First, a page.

CATIE News - Study links inflammation to increased risk of diabetes in HIV
18 August 2010 - Although anti-HIV therapy (called ART or HAART) helps to reduce the amount of HIV in the body and has greatly improved the
survival of HIV-positive people, low levels of this virus persist despite many years of treatment. Persistent exposure to HIV and HIV-infected cells may eventually
skew the immune system toward producing higher-than-normal levels of chemical signals-cytokines-that foster inflammation of many organs and tissues.
Some researchers worry that chronic inflammation associated with HIV may increase the risk for or accelerate the development of complications
in HIV-positive people that are traditionally seen in older (HIV-negative) people, including cardiovascular disease, thinning bones, dysfunctional kidneys and diabetes.
Scientists at several research centres in the United States have collaborated in studying the impact of HIV infection, ART and the risk of developing diabetes.
Their finding suggests that inflammation caused by HIV infection may accelerate the development of diabetes.
The research team reviewed a database of health information collected from participants in a large observational study called the ACTG Longitudinal Linked Randomized Trials (ALLRT).
After participants entered ALLRT they received HAART because they entered other studies as well.
In the present sub-study of ALLRT that explored diabetes, researchers scanned the ALLRT database and selected 55 HIV-positive people who previously
had not taken ART but once in ALLRT proceeded to do so. All 55 people subsequently developed diabetes. The researchers referred to these 55 people as "cases." Each case was
compared to a group of 55 randomly selected HIV-positive people also from ALLRT who did not have diabetes, called "controls" by the researchers. This type of research is
called a case-control study. All controls were of similar ethno-racial composition and body mass index (BMI-a measure of fatness) as the cases.
At the start of the study, the average profile of cases was as follows:
- 24% females, 76% males
- 47% White
- 29% Hispanic
- 24% Black
- BMI - 25
- fasting blood sugar - 5.67 mmol/l
- family history of cardiovascular disease - 20%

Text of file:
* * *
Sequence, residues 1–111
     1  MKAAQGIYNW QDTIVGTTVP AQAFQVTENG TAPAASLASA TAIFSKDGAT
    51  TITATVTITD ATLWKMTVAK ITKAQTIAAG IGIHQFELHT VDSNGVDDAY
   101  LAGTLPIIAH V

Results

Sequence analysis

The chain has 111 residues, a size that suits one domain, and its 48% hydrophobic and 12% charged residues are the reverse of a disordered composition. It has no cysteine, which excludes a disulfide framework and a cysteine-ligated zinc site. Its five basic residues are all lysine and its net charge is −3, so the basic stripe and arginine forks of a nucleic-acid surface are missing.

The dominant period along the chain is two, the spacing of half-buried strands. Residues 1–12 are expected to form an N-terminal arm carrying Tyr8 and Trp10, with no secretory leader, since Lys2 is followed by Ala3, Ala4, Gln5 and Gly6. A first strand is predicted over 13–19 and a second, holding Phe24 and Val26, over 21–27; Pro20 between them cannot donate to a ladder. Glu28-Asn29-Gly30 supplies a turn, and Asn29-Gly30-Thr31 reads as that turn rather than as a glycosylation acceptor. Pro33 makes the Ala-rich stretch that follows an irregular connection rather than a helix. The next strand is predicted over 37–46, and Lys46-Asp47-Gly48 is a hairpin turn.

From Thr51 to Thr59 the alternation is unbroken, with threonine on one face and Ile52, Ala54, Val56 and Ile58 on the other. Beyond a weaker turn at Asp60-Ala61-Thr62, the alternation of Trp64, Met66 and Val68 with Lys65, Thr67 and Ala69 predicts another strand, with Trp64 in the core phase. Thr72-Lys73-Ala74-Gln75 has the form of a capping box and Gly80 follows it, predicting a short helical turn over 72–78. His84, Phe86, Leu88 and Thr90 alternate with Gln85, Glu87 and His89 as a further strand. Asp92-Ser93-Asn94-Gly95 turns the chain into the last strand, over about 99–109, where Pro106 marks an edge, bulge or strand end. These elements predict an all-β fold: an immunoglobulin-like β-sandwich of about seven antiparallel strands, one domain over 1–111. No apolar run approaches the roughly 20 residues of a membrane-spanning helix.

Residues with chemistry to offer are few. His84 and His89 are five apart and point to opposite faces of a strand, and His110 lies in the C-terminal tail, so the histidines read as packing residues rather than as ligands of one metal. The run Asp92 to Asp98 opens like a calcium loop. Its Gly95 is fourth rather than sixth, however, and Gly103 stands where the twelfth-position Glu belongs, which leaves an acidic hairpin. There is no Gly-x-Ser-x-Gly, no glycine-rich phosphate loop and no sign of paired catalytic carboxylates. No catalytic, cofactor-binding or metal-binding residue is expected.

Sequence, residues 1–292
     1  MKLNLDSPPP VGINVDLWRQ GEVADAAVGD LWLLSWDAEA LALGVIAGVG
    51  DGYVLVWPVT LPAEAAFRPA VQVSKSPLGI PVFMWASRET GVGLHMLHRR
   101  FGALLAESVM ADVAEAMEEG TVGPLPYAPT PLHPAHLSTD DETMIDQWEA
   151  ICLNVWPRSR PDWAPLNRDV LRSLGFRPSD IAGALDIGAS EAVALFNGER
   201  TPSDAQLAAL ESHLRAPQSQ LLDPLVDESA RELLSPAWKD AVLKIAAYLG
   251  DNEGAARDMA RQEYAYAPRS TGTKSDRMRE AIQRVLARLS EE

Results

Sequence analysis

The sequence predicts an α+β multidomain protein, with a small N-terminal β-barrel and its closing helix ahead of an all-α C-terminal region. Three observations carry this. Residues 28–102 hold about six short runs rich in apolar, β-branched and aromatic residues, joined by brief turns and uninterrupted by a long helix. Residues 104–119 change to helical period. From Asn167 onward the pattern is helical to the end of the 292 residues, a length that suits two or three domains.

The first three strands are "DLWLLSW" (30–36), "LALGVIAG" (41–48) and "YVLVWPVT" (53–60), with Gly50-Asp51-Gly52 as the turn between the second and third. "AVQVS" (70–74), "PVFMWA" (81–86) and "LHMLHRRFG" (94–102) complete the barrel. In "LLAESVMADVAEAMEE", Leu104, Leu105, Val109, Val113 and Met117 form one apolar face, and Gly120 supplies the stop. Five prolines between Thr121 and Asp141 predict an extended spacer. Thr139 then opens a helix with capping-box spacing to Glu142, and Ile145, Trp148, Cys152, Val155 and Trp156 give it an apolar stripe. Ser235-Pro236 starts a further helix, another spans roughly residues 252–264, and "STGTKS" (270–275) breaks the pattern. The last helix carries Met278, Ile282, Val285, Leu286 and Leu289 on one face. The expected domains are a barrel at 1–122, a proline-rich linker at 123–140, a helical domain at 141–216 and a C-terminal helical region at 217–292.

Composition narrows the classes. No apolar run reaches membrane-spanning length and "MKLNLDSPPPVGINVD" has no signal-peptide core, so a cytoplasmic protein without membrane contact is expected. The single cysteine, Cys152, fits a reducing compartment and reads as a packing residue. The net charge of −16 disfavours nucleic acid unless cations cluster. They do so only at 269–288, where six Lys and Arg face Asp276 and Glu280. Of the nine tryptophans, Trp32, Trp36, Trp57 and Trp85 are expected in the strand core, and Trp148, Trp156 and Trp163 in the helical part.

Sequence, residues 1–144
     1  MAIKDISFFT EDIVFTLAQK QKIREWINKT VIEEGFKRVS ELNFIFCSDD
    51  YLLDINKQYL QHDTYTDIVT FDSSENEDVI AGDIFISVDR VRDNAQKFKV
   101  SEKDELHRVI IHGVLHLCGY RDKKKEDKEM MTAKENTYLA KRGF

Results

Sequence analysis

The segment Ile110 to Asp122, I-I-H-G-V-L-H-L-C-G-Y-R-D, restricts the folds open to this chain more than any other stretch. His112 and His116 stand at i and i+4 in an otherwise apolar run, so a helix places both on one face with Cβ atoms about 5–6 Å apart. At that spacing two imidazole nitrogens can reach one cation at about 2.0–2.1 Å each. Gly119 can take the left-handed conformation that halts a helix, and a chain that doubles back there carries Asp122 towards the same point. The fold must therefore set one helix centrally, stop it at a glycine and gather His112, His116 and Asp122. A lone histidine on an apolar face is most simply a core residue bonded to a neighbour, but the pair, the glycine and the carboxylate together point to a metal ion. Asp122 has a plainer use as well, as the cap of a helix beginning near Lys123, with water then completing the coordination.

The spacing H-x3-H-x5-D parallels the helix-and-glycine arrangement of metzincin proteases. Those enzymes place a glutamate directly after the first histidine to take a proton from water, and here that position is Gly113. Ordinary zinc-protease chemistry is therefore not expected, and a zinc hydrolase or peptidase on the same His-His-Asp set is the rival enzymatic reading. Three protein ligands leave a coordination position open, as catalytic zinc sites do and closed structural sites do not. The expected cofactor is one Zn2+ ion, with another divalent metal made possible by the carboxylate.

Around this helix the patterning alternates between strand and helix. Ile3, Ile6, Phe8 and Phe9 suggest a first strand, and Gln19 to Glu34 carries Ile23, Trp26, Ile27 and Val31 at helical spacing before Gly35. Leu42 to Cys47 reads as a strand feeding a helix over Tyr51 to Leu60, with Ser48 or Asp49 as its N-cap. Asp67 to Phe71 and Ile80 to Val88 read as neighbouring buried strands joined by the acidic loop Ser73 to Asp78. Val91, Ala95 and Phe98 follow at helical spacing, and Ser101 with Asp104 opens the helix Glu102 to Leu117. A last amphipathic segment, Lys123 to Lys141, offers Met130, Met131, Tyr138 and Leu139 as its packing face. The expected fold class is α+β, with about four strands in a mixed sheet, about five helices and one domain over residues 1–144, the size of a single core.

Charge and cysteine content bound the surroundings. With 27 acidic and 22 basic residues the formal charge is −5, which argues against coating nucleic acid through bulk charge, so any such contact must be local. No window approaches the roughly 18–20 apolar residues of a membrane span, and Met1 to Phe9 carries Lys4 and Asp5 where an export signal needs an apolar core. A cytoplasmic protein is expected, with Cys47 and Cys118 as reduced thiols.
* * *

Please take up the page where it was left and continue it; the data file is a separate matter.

- history of tobacco smoking - 51%
- high viral loads (more than 100,000 copies/ml) - 58%
- CD4+ count less than 200 cells - 66%
In addition to blood tests routinely used in HIV care, technicians analysed levels of the following biomarkers, which have been associated with inflammation in other studies:
- hsCRP (high-sensitivity C-reactive protein)
- IL-6 (interleukin-6)
- receptors for tumour necrosis factor-alpha (TNF) called sTNFR-1 and sTNFR-2
Researchers agreed that diabetes developed when one of the following occurred:
- two consecutive non-fasting blood sugar levels of at least 7 mmol/l
- two consecutive fasting blood sugar levels of at least 11 mmol/l
Here are some key findings about the development of diabetes:
- Cases developed diabetes about three years after they began taking ART.
- People who developed diabetes tended to be a bit older (41 years) than people who did not (37 years). Although this difference in age seems small, it was highly statistically significant.
- A year after starting ART, blood sugar levels were often at the high end of the normal range (5.7 mmol/l) in people who later developed diabetes compared to people who did not
(4.6 mmol/l)-again a statistically significant difference.
Taking into account many factors, including age, CD4+ cell count, BMI, biomarker levels and blood sugar, researchers found that only levels of soluble TNF-alpha receptor-1
(sTNFR-1) in the blood were statistically linked to an increased risk for developing diabetes.
The insulin connection
An important question is: Why would soluble receptors for TNF-alpha have an impact on blood sugar levels? The team notes that previous research has found that TNF-alpha is
produced in relatively large amounts in HIV-positive people whether or not they are taking ART. Cells of the immune system as well as fat cells make this chemical
messenger. Experiments with animals suggest that TNF-alpha seems to interfere with the hormone insulin. This hormone is needed by cells to absorb sugar from the
blood. By interfering with insulin, perhaps excessive TNF-alpha levels may play a role in the development of blood sugar problems that eventually lead to diabetes.
Putting it in perspective
The present diabetes sub-study of ALLRT is called a case-control study. Such studies can find associations between factors (such as biomarker levels) and events (such as
diabetes). However, case-control studies can never prove that these biomarkers are the cause of diabetes or other events.
The value of case-control studies is that they are a relatively cheap and quick way of exploring an idea. The findings from such studies need to be
confirmed in a clinical trial of a more robust design. Indeed, the diabetes researchers suggest such a course of action.
Future studies on biomarkers and diabetes should consider the following:
- assess a broad range of inflammatory biomarkers to confirm or extend the present findings,
- identify the source of excessive TNF-alpha in HIV-positive people taking ART,
- explore possible differences in gender with TNF-alpha levels,
- understand exactly how excessive TNF-alpha levels play a role in the development of diabetes.
- Sean R. Hosein
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CATIE-News is written by Sean Hosein, with the collaboration of other members of the Canadian AIDS Treatment Information Exchange, in Toronto.
From Canadian AIDS Treatment Information Exchange (CATIE). For more information visit CATIE's Information Network
Source: CATIE: CANADIAN AIDS TREATMENT INFORMATION EXCHANGE